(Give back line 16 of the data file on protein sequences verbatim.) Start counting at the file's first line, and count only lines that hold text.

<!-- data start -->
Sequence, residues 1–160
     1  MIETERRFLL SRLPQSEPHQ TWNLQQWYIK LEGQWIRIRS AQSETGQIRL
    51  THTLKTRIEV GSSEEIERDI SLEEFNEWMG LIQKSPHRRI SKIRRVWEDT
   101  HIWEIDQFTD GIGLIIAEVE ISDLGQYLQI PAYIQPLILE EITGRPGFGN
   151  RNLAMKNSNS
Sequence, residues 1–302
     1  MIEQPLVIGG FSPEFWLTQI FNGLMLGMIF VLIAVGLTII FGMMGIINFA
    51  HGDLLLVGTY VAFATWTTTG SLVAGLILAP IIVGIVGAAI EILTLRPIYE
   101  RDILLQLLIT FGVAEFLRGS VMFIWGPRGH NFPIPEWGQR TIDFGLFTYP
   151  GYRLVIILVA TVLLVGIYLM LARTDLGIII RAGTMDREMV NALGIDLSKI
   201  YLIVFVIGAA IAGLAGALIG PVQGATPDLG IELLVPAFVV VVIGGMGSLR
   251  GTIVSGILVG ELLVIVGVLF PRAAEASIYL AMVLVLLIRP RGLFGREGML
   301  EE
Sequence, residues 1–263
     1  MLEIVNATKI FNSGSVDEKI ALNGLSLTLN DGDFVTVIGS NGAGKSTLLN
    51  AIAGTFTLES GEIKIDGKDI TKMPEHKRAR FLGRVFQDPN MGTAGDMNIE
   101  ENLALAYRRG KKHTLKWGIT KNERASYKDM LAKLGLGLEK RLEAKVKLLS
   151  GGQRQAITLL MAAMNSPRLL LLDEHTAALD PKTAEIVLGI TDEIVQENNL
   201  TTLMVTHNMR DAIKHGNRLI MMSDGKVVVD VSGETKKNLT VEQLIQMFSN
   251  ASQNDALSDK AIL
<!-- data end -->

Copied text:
    51  AIAGTFTLES GEIKIDGKDI TKMPEHKRAR FLGRVFQDPN MGTAGDMNIE